A New Quality Improvement Toolkit to Improve Opioid Prescribing in Primary Care

Constance van Eeghen, DrPH, MHSA, MBA; Amanda G. Kennedy, PharmD, BCPS; Mark E. Pasanen, MD; Charles D. MacLean, MD


J Am Board Fam Med. 2020;33(1):17-26. 

In This Article

Abstract and Introduction


Introduction: The role of opioids in managing chronic pain has evolved in light of the opioid misuse epidemic and new evidence regarding risks and benefits of long-term opioid therapy. With mounting national guidelines and local regulations, providers need interventions to standardize and improve safe, responsible prescribing. This article summarizes the evolution of an opioid management toolkit using a quality improvement (QI) approach to improve prescribing.

Methods: The authors developed a list of opioid-prescribing best practices and offered in-office, team-based QI projects to ambulatory clinics, updated and tested over 3 trials in the form of a toolkit. Outcome measures included pre- and postproject surveys on provider and staff satisfaction, toolkit completion, and process measures. The toolkit supports workflow planning, redesign, and implementation.

Results: Ten clinics participated in trial 1, completing the QI project on average in 3 months, with a mean of 9.1 hours of team time. Provider satisfaction with prescribing increased from 42% to 96% and staff satisfaction from 54% to 81%. The most common strategies in trials 1 and 2 focused on regulatory compliance (35% to 36%), whereas in Trial 3 there was a strong move toward peer support (81%).

Discussion: Clinics responded to implementation of opioid-related best practices using QI with improved provider and staff satisfaction. Once the goals of regulatory compliance and workflow improvements were met, clinics focused on strategies supporting providers in the lead role of managing chronic pain, building on strategies that provide peer support. Using QI methods, primary care clinics can improve opioid-prescribing best practices for patients.


Opioid misuse is an important public health challenge in the United States. Despite a decrease in opioid prescribing from its peak in 2010, per capita opioid use remains high and varies by location and region without a clinical basis.[1] Drug overdose deaths increased 200% between 2000 to 2014, and opioids contributed to 33,091 deaths in 2015.[2,3] Although a higher proportion of deaths in recent years is attributable to fentanyl mixed with heroin, diverted prescription opioids remain an important contributor to the opioid epidemic.[2,4]

Although there has been considerable attention paid to opioid prescribing in acute settings, such as the emergency department,[5] dental offices,[6] and in postoperative settings,[7,8] opioids prescribed in primary care are less frequently reported and yet generate the majority of prescribing volume, usually for chronic conditions.[9] In 2016, the Centers for Disease Control and Prevention (CDC) published guidelines for the prescription of opioids for chronic pain, which emphasized the principles of avoiding opioids where possible, minimizing the dose, carefully balancing risks and benefits, and monitoring closely for potential side effects or misuse.[10]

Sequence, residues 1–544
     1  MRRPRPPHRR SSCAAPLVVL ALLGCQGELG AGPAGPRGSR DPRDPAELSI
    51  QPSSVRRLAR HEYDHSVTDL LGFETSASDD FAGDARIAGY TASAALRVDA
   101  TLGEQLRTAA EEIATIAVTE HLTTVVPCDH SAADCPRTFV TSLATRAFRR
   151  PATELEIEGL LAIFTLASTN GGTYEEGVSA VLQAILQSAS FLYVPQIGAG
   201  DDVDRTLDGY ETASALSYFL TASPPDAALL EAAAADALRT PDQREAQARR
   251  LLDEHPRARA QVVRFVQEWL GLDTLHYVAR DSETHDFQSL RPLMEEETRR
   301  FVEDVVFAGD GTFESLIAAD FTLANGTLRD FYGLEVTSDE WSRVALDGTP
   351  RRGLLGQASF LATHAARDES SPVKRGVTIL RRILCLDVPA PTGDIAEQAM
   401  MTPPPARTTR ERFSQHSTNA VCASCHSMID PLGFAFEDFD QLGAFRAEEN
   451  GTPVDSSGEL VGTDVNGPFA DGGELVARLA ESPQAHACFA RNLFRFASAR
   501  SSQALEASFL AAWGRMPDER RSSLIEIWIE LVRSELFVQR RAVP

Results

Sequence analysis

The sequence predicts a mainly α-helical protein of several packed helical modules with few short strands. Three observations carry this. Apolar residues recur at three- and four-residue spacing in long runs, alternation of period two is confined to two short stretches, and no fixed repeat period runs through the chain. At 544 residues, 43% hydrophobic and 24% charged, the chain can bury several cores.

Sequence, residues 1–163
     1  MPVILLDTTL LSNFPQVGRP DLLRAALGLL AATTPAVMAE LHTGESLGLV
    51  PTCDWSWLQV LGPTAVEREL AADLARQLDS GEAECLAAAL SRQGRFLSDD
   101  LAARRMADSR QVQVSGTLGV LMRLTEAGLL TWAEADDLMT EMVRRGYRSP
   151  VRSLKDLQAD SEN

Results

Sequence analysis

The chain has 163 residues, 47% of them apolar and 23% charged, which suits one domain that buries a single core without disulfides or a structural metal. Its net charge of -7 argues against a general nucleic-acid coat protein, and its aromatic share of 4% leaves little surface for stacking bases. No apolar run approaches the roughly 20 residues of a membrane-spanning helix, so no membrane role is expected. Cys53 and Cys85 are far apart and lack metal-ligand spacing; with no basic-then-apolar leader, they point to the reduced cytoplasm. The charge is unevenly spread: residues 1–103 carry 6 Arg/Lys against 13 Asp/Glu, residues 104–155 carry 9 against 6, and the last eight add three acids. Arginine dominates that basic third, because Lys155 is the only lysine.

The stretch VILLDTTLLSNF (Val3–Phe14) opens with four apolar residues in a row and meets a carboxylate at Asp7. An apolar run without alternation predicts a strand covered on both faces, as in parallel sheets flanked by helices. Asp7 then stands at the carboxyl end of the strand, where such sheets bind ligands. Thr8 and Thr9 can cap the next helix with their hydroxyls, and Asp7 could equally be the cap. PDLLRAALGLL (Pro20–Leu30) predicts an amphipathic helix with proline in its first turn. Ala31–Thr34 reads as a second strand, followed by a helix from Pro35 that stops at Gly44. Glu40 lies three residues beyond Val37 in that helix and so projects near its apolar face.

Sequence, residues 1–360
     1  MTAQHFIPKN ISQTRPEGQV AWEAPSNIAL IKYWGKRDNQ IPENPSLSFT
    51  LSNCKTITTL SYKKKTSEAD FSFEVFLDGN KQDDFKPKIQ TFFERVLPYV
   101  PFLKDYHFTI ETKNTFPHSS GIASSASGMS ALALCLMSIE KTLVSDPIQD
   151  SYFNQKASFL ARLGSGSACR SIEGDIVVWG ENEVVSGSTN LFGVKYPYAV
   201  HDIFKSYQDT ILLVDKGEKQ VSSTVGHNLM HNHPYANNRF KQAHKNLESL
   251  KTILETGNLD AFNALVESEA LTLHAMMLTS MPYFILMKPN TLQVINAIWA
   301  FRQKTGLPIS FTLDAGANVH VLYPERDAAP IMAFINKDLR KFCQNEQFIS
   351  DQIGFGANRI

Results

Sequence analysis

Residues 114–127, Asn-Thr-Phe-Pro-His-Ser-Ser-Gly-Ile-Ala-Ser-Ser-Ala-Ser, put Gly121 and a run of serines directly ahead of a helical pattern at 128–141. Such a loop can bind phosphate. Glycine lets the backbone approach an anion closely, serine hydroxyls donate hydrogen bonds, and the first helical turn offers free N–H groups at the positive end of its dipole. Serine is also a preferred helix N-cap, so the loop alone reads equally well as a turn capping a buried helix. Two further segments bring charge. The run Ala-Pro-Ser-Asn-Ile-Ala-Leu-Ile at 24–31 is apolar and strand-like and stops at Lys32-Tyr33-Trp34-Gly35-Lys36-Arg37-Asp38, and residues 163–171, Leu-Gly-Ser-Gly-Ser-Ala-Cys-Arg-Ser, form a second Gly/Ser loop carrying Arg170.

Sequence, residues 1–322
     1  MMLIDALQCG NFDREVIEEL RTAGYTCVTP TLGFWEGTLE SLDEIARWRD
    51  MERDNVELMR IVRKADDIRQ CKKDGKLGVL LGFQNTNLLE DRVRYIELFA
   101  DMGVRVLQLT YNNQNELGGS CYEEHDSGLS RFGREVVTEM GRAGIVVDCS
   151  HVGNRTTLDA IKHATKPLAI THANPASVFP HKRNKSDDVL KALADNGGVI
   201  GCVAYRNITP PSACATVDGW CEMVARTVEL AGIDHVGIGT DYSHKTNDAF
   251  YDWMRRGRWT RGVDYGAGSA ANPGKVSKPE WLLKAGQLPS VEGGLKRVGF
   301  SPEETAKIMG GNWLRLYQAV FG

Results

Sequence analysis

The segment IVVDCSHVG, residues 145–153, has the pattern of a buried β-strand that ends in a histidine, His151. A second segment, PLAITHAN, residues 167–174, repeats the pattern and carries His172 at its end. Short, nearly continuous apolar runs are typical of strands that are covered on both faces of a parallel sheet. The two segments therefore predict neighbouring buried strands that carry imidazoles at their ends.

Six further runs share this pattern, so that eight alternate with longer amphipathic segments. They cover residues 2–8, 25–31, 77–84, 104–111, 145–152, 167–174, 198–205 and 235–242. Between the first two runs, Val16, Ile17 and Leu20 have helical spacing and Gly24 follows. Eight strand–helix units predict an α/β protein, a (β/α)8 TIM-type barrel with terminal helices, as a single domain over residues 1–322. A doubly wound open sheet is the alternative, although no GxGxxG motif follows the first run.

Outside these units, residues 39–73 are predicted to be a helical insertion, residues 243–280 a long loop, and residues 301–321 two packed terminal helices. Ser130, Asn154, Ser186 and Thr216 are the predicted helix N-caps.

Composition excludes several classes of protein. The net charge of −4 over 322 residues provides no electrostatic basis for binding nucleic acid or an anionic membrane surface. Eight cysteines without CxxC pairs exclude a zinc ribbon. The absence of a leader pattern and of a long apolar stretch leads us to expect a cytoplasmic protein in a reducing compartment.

Increasingly, states are establishing regulations that mandate the use of state-level prescription drug monitoring programs (PDMPs), specify quantity and duration limits of opioid prescriptions, or improve access to naloxone.[11] The effects of these interventions on outcomes are not yet clear,[12] although Washington state, which has implemented a wide range of policies and programs over the last decade, has demonstrated an important decrease in opioid-related deaths and hospitalizations.[13]

For busy primary care clinics, navigating the complexities of the CDC guidelines, state and local regulations, insurer requirements, and other specific policies enacted at the health care organizational level can be daunting. Beginning in 2012, our research team has been collaborating with the Vermont Department of Health to develop a pragmatic approach to opioid prescribing in ambulatory care clinics. Our initial goal was to apply a process improvement approach to improving opioid prescribing in ambulatory care clinics. The success of our first trial led to a new goal of standardizing our process improvement approach such that a trained quality improvement (QI) facilitator, sometimes available to clinics, could assist providers to improve prescribing. This second trial developed and tested the use of the Opioid Prescription Management Toolkit for Chronic Pain (first and second eds). The success of the toolkit led to a third trial: coaching clinic members not trained in QI to facilitate prescribing improvement with a clinic workbook for changing practice.

The purpose of this report is to share our experience with the evolution of improving opioid-prescribing practices in a wide variety of rural and small urban ambulatory care clinics.